Barbara Gollackner exhibited a collection of 3D printed tableware from food waste
During Vienna Design Week, which kicked off on September 24, design studio Barbara Gollackner exhibited a highly innovative collection made using a food 3D printer. Called Wasteware, it is a series of cutlery and tableware made from industrial as well as personal food waste. The collection includes a variety of tableware such as mugs, teaspoons and more, all made from stale bread or pigskin. The waste is transformed into a paste which is then extruded on an FDM printer. The studio has a clear message with this collection. She wants to fight against food waste and the production of disposable dishes which have a negative effect on our environment.
One of the advantages of 3D printing is that it only uses the necessary material, thus reducing the amount needed and by extension waste. To make this even more environmentally friendly, thanks to 3D printing, it is also often possible to reuse the waste found there, to recover it to create a new product, or even food. These circular economy projects are more and more numerous. One example is Upprinting Food, a Dutch initiative that 3D prints different meals from food waste. The Barbara Gollackner studio starts from the same idea but prints crockery.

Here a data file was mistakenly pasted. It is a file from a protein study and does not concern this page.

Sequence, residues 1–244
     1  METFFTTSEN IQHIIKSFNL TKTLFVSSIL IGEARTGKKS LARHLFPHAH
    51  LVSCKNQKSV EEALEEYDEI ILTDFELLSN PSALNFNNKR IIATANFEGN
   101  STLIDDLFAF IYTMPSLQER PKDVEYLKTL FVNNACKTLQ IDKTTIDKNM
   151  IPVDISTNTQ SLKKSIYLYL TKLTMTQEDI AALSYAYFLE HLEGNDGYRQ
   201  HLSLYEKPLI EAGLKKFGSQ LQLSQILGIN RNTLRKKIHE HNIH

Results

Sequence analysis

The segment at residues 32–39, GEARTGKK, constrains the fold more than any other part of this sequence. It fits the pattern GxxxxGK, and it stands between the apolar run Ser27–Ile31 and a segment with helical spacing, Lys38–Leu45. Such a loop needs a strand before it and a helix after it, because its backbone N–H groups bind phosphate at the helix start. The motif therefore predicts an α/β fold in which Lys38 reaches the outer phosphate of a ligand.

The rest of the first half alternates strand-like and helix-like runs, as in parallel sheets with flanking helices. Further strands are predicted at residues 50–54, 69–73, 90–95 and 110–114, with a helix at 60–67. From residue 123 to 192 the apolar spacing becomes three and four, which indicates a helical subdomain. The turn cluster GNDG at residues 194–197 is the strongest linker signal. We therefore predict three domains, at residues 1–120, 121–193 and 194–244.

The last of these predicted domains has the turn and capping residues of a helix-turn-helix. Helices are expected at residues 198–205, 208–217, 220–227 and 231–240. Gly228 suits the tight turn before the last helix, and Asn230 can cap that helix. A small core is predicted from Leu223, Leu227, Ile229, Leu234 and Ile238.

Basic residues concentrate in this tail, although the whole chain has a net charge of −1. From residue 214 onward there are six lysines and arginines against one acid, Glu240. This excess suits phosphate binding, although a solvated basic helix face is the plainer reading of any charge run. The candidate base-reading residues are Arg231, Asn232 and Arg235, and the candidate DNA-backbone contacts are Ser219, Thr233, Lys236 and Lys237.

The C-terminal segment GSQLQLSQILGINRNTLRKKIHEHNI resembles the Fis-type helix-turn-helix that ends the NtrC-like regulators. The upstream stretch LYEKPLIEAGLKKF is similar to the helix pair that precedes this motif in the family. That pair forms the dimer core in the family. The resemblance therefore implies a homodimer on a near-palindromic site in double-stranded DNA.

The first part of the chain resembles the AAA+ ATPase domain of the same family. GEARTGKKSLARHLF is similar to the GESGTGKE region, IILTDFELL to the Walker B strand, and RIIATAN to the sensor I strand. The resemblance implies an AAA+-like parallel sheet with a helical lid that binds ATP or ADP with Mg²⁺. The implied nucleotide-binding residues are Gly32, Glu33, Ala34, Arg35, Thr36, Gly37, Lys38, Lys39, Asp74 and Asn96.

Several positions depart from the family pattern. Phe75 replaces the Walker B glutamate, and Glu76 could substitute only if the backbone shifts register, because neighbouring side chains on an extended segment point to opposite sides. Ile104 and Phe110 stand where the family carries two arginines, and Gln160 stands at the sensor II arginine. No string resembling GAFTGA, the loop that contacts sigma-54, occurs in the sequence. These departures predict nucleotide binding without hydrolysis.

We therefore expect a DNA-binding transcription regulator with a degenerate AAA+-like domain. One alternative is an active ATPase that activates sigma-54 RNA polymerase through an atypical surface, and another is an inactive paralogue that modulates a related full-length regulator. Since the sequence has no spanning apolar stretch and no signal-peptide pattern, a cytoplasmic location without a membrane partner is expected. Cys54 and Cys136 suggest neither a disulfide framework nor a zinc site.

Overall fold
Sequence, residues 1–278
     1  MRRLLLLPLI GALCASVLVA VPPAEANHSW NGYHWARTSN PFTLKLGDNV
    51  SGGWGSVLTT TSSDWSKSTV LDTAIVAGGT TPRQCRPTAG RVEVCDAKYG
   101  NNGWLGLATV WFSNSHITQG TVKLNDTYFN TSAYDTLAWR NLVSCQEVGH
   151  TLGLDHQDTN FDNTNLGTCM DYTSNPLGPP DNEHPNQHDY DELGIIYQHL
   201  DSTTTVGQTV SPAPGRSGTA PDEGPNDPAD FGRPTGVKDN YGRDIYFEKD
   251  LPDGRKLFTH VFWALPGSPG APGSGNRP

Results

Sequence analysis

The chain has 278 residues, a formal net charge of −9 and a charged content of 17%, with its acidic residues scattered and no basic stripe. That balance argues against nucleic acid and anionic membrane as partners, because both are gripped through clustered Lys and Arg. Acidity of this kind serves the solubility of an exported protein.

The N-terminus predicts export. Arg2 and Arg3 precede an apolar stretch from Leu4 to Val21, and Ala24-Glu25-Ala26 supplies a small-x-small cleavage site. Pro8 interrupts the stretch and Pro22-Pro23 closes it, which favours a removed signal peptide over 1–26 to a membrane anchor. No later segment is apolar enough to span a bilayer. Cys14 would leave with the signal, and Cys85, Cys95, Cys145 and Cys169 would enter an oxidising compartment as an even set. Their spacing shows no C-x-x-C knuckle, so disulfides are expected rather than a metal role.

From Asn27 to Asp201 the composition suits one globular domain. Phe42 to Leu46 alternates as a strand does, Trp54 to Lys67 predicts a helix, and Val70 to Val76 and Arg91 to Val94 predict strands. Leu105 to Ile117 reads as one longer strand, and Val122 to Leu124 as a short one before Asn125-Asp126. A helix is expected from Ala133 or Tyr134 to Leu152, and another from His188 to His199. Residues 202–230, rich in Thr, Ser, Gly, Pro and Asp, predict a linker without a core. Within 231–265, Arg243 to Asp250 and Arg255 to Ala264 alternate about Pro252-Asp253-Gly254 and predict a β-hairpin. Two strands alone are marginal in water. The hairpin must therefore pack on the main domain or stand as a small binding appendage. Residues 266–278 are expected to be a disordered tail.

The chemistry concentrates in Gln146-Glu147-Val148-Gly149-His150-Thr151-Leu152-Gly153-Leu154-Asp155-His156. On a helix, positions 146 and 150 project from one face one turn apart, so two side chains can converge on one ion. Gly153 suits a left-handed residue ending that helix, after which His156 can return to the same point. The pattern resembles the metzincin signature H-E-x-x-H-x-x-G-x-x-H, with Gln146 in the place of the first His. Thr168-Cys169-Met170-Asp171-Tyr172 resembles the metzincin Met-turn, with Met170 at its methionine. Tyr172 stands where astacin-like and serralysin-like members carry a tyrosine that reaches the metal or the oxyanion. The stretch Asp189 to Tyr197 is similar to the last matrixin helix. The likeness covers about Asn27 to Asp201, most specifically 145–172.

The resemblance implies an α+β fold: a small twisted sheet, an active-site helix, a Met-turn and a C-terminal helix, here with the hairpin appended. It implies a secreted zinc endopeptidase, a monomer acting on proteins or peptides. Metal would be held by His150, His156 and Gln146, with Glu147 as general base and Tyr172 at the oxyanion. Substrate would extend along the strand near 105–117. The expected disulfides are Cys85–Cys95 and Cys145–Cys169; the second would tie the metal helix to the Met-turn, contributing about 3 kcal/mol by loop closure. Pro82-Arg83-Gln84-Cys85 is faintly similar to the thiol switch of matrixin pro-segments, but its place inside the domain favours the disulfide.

Barbara Gollackner is an Austrian designer who noticed a simple yet disturbing trend. Namely that 90 million tonnes of food per year are wasted, which is then added to the 30 million tonnes of waste from single-use dishes. For this reason, she decided to come up with possible solutions that could address these two problems and ultimately encourage consumers and society to reduce their environmental impact. The designer first collected industrial waste from a meat factory in Austria as well as personal waste like bread. She explains, “In one way we use the waste that we produce ourselves, in the other we use industrial food waste, such as pig skin. There are huge amounts of pig skins thrown away in Austria by the meat industry.
This waste is then transformed into a paste to be easily extruded by a 3D printer: it is first dried or cooked, then mixed with mycelium (the vegetative part of the mushrooms) to obtain the desired consistency. The designer explains that she can add water, breadcrumbs or other foods in some cases. Chef Peter König comes next and 3D prints the desired shapes. Barbara wanted to keep the objects simple so as not to make the printing process too complex. So there are spoons, coffee cups, bowls, etc. The result is unusual since the different items take on the color of an eggplant, recycled peas, etc.
This long-term work – the designer has been working on this project for several months – in any case makes it possible to raise a real social issue in an innovative and original way. What if it could encourage consumers to transform their food waste? You can find all of the Austrian studio’s projects HERE.
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